samedi 26 juillet 2014

KRYFELS: Parsec (2014)

“Parsec is an album to possess for all those who feed of Klaus Schulze’s discography, from Cyborg to Mirage”

1 Urvent 8:46
2 L'au-revoir des Elements 11:49
3 Gienah 12:18
4 Andromede 20:20
5 Canopus 8:58
6 Alcyone 11:35

PWM-Distrib (CD 73:52) ****½
(Vintage ambient EM)
The winds which roar and whistle are common. They fill intros and outros. When these winds get mixed into a magnetic storm and move in the form of reverberant torsades, we frown of enchantment. That begins pretty well. And then there is a synth pad which spreads a musicality of an old organ. Its sibylline veil sneaks throughout those howling winds. And the meeting make spurt some sequenced ions which skip and rush within the shade of the winds which drag their prismic dusts. And there, we dream. We dream of Schulze and of his magnetic Mirage. The winds make also born some discreet solos, more musical, whose singings are getting lost in a superb series of sequences which goes up and goes down in astral spirals by following the curves of the fine modulations which dress "Urvent" of a dramatic nobility. What a way of starting an album! What a way also to introduce us into the universe full of paradoxes and of sudden developments that is the one of “Parsec”. Paradoxes and sudden developments, because Kryfels explores every pattern of an EM out of the vintage years, splendidly sequenced as charmingly ambient and softly melodious as mysteriously nebulous. Kryfels is the last find of the French label  Patch Work Music. And it is a whole find! Musician and photographer, Richard Raffaillac has as much the eye as fingers to weave moods that either shake the soul or torment it. “Parsec” is, to my knowledge, his first album. An album which caresses the old coat of arms from an experimental Berlin School of the analog years with some intense and poignant sibylline synth pads, as well as comfortable and intriguing sound waves embalmed by ether which ride rhythms as lazy as those sweet analog modulations which transported us in the country of this blue smoked of the 70's.
"L'au-revoir des Elements" exploits this somber dramatic side of "Urvent", a little as "Canopus" moreover, with organic pulsations which gurgle in a troop of winds to the abstruse aromas. The sweet modulations make all the charm. They crawl like souls on the back of the void, waltzing at times rather awkwardly with the dying winds and breezes of ether which blow the almost Mephistophelian vibes of a track of which one imagines easily going out of a cemetery on an evening of black moon. Ambient, very rich and especially very effective! With its clogs which click in winds and pound like a heart at rest, "Gienah" presents a figure of rhythm as abstract as static where the modulations of a discreet bass line are livelier than the pulsations of clogs. Tinted of its sibylline sonic lines, the synth fits closely to these wave motions and is whistling some dreamy cooings which eventually got lost in the shouts of agony of a sonic pattern slightly painted by the roarings of apocalyptic sirens. And if we thought of having been caught in the nets of the Schulzian reminiscences in "Urvent", we did not hear this long symphony of synth pads which float with aromas of ether that is "Andromede". We are in full Timewind period with these synth waves which drift such as a bank of astral mist in a cosmos stuffed by these intersidereal tones of the vintage years. It's hardly if they wave. And nevertheless the ambient rhythm feeds on these static impulses which propagate like eddies in a lake too small, while the musicality appears with underlying ambient hymns which float there and even hum some baroque airs. I found that long at the first listening. But once well settled between the shells of my earphones, I have totally succumbed to the dark charms of this vintage ambient symphony. After "Canopus" which, even if a little more ambient, plunges us into the moods of "Urvent", with a more dramatic but so dark side, "Alcyone" propose a more delirious approach with sequences which stamp, like steps lost, in synth solos of which the twists are getting constantly soaked by this psychedelic drizzle which feeds the ambiences of “Parsec”. A little more and one would believe to hear a music piece lost in the works of Klaus Schulze's Blackdance or Picture Music.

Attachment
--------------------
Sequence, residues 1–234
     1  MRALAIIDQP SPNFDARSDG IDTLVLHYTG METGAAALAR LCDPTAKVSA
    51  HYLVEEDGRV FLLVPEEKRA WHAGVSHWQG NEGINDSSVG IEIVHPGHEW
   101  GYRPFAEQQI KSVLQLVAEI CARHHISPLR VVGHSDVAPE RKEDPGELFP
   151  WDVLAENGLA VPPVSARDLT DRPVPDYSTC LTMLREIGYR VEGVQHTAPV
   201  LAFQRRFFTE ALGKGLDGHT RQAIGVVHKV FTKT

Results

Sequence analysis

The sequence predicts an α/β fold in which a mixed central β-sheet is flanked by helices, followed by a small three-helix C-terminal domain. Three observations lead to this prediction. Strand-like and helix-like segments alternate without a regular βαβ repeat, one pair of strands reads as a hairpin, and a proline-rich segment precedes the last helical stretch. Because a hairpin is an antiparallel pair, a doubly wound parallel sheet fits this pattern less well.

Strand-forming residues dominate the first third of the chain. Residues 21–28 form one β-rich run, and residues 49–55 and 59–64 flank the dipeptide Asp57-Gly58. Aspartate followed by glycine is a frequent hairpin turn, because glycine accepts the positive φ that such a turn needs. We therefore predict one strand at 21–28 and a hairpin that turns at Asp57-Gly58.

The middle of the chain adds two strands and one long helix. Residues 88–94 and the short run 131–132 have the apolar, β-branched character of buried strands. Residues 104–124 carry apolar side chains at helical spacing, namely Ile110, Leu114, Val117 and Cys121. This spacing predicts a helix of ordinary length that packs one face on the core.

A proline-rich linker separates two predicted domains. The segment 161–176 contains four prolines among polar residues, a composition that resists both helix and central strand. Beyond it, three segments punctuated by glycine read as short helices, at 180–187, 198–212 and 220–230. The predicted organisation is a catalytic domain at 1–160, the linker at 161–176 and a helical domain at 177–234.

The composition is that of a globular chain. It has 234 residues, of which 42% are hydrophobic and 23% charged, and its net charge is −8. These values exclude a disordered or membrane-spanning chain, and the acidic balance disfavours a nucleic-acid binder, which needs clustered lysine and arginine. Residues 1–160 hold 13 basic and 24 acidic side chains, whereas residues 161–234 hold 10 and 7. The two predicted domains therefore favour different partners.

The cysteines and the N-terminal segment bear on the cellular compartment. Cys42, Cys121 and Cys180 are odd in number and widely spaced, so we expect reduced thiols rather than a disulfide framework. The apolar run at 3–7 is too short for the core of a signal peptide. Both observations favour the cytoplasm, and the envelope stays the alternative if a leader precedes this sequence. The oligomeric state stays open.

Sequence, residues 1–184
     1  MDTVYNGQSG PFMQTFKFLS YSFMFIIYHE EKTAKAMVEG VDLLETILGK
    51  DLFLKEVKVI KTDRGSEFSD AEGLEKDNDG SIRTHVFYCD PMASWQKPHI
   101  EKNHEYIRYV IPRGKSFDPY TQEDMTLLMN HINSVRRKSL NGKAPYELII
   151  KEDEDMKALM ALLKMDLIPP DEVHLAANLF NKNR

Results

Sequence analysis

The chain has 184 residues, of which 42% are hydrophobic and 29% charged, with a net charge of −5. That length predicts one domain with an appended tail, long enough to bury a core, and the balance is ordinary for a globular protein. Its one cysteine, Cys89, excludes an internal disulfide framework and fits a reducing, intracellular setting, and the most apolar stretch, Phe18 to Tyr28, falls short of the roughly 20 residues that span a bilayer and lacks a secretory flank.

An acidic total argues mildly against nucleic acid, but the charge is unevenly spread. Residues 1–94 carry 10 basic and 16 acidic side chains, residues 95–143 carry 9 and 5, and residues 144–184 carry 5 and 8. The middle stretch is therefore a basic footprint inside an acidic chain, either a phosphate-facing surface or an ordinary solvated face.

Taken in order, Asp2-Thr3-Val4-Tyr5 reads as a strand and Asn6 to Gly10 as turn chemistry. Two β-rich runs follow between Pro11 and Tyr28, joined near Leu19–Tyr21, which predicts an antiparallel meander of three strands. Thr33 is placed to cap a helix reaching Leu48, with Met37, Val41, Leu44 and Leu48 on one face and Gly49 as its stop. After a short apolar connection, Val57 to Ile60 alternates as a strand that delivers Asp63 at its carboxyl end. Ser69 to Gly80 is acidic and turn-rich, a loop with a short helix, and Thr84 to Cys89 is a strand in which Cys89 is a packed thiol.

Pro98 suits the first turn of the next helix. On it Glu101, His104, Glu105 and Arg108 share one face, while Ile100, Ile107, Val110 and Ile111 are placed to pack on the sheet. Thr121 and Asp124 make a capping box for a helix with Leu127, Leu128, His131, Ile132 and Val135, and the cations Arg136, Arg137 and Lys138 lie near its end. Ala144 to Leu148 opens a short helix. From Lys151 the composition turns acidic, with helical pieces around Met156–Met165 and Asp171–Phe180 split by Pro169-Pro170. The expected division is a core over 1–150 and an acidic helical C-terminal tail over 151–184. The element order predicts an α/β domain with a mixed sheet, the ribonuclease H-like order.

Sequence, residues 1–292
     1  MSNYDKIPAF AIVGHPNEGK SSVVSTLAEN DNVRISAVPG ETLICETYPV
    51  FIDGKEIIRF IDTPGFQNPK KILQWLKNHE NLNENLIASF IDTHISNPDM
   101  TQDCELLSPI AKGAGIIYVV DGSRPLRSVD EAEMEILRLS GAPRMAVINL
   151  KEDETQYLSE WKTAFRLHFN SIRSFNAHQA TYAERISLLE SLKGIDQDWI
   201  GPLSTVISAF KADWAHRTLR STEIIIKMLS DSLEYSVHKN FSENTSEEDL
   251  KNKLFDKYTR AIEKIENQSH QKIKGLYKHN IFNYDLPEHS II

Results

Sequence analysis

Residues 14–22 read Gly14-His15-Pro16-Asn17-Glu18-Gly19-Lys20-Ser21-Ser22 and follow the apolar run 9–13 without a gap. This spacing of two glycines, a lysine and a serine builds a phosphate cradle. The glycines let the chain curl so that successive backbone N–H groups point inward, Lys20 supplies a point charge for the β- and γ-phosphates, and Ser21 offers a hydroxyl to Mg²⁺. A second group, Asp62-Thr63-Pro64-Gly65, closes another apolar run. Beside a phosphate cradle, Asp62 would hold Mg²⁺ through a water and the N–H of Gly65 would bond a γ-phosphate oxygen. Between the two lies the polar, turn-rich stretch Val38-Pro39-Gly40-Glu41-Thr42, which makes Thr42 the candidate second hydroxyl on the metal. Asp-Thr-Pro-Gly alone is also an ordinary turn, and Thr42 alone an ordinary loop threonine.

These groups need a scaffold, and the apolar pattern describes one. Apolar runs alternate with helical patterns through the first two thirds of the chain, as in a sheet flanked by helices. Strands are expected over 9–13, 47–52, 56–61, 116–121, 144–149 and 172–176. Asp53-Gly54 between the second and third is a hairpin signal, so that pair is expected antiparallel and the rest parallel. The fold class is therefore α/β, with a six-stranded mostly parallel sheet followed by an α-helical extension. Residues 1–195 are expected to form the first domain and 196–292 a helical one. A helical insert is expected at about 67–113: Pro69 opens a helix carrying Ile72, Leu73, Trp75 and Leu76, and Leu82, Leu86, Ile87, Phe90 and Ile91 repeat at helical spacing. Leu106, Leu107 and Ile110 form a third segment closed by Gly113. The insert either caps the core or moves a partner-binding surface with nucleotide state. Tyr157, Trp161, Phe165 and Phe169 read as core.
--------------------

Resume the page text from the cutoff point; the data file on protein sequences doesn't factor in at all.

To draw constantly a parallel between the pivotal ambient works of
Klaus Schulze and this first album of Kryfels is not a kind of denial to Richard Raffaillac. There are artists who imitate and others who want to exploit fully these analog ambiences that time stole from us in its crazy race to stop its dial. And it's exactly the case of “Parsec”. Kryfels submerges literally the listener in a sonic bath with the pleasant perfumes of the psychedelic vintage years but with a vision to build, and rhythms and moods, of the contemporary years. We feel the influence of the analog works (Richard Raffaillac has built brick by brick “Parsec” from totally analog equipments) in a contemporary vision which makes a wonderful link between two times. “Parsec” is an album to possess for all those who feed of Klaus Schulze's discography, from Cyborg to Mirage.

Here is a link for a short video trailer of this album:
Sylvain Lupari (July 26th, 2014) &
Cette chronique est également disponible en Français sur le site de Guts of Darkness, dont je suis chroniqueur sous le nom de Phaedream:

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